Five months before, Jennings had gone to the medical center at Ft. Carson, where a staff member typed up his symptoms: “Crying spells… hopelessness… helplessness… worthlessness.” Jennings says that when the sergeants who ran his platoon found out he was having a breakdown and taking drugs, they started to haze him. He decided to attempt suicide when they said that they would eject him from the Army.

“You know, there were many times I’ve told my wife — in just a state of panic, and just being so upset — that I really wished I just died over there [in Iraq],” he said. “Cause if you just die over there, everyone writes you off as a hero.”

Jennings isn’t alone. Other soldiers who’ve returned to Ft. Carson from Iraq say they feel betrayed by the way officials have treated them. Army files show that these were soldiers in good standing before they went to Iraq, and that they started spinning out of control upon their return.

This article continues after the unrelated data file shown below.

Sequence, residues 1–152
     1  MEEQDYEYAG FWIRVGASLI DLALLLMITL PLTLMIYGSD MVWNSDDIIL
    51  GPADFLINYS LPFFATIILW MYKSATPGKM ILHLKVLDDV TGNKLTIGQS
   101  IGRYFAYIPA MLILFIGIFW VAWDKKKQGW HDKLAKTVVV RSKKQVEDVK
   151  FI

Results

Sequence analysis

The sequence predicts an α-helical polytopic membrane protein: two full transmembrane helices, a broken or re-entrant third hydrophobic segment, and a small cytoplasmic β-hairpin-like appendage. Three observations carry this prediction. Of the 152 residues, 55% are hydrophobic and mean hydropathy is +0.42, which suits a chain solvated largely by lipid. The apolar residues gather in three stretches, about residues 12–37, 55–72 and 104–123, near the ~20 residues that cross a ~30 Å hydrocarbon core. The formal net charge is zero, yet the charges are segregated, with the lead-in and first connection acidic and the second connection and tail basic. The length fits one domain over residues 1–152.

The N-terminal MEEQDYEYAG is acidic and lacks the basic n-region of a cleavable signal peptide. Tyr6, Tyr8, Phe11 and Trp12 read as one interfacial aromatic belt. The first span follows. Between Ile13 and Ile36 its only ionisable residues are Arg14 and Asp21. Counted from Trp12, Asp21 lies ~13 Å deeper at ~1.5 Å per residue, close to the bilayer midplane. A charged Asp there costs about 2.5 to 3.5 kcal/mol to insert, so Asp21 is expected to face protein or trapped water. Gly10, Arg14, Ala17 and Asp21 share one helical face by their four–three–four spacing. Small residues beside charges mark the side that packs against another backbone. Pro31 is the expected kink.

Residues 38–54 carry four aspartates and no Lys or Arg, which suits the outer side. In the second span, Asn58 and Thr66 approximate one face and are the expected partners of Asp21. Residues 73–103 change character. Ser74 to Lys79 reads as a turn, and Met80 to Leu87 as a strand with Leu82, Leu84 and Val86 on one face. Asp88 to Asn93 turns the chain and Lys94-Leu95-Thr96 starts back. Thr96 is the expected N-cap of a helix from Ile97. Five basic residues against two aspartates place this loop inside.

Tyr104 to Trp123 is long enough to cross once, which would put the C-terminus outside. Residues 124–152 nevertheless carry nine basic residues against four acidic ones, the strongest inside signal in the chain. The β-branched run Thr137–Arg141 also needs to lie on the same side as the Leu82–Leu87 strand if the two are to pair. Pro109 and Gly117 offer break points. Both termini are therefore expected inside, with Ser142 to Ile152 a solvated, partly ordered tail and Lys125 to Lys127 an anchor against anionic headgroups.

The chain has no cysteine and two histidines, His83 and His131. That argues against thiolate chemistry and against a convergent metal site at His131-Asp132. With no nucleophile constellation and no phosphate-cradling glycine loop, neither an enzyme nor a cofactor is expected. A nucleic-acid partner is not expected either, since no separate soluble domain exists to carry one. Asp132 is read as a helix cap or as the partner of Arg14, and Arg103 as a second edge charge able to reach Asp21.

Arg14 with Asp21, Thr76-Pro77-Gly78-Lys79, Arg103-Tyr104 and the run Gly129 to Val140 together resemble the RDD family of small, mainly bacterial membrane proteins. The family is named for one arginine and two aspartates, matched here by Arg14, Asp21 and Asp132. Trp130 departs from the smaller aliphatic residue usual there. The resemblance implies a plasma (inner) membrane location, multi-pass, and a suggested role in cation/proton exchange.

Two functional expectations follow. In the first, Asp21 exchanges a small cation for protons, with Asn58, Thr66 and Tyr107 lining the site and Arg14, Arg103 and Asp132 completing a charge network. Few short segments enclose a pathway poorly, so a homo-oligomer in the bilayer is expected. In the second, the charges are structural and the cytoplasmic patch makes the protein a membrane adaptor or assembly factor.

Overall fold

Since the war in Vietnam, military leaders have said that soldiers who are wounded emotionally need help, just like soldiers missing limbs.

“The goal, first and foremost, is to identify who’s having a problem,” says William Winkenwerder, assistant secretary of defense for health affairs. “Secondly, it’s to provide immediate support. And finally, our goal is to restore good mental health.”

The Army boasts of having great programs to care for soldiers. The Pentagon has sent therapists to Iraq to work with soldiers in the field. And at Army bases in the United States, mental-health units offer individual and group therapy, and counseling for substance abuse. But soldiers say that in practice, the mental-health programs at Ft. Carson don’t work the way they should.